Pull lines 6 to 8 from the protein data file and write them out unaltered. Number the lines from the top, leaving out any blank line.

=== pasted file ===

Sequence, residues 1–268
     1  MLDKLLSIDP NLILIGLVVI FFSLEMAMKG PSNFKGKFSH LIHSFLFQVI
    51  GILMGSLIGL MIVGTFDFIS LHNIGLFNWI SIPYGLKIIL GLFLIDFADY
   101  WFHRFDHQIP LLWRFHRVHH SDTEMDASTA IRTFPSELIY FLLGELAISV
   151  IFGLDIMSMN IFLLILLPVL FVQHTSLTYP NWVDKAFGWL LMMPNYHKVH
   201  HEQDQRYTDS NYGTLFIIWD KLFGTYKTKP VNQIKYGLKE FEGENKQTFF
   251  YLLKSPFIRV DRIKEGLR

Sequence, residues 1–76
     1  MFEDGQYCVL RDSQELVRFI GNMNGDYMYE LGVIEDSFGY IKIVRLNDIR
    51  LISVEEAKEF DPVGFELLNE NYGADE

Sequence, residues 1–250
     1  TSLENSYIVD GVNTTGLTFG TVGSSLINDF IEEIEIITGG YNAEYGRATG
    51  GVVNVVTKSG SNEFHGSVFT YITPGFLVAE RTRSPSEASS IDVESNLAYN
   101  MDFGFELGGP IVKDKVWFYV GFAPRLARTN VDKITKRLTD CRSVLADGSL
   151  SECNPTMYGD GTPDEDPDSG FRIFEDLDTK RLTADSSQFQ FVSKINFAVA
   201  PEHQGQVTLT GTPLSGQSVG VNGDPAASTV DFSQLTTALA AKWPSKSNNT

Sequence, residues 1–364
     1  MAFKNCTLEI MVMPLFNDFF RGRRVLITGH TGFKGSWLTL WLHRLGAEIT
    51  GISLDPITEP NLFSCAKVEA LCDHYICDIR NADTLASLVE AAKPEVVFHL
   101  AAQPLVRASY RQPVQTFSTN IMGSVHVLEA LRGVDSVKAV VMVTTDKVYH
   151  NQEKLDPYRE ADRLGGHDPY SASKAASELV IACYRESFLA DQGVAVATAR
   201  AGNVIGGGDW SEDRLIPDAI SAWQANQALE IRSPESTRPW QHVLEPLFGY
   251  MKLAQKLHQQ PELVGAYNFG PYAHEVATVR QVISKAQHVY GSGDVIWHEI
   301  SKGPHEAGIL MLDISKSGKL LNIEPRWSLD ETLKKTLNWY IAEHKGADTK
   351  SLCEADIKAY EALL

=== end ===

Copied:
   201  HEQDQRYTDS NYGTLFIIWD KLFGTYKTKP VNQIKYGLKE FEGENKQTFF
   251  YLLKSPFIRV DRIKEGLR

Sequence, residues 1–76